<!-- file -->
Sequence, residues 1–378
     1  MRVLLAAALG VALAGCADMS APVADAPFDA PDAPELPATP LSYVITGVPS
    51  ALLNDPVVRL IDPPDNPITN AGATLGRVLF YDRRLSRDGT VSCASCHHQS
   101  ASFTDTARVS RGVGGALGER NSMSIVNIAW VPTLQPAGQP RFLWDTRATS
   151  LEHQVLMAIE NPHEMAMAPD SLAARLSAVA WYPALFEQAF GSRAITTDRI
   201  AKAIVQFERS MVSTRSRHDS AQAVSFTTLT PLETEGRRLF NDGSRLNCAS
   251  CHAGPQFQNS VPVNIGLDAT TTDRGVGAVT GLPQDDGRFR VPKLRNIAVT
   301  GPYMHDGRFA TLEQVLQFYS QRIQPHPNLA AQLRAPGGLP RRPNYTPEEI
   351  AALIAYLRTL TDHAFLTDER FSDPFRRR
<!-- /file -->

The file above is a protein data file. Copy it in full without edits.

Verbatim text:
Sequence, residues 1–378
     1  MRVLLAAALG VALAGCADMS APVADAPFDA PDAPELPATP LSYVITGVPS
    51  ALLNDPVVRL IDPPDNPITN AGATLGRVLF YDRRLSRDGT VSCASCHHQS
   101  ASFTDTARVS RGVGGALGER NSMSIVNIAW VPTLQPAGQP RFLWDTRATS
   151  LEHQVLMAIE NPHEMAMAPD SLAARLSAVA WYPALFEQAF GSRAITTDRI
   201  AKAIVQFERS MVSTRSRHDS AQAVSFTTLT PLETEGRRLF NDGSRLNCAS
   251  CHAGPQFQNS VPVNIGLDAT TTDRGVGAVT GLPQDDGRFR VPKLRNIAVT
   301  GPYMHDGRFA TLEQVLQFYS QRIQPHPNLA AQLRAPGGLP RRPNYTPEEI
   351  AALIAYLRTL TDHAFLTDER FSDPFRRR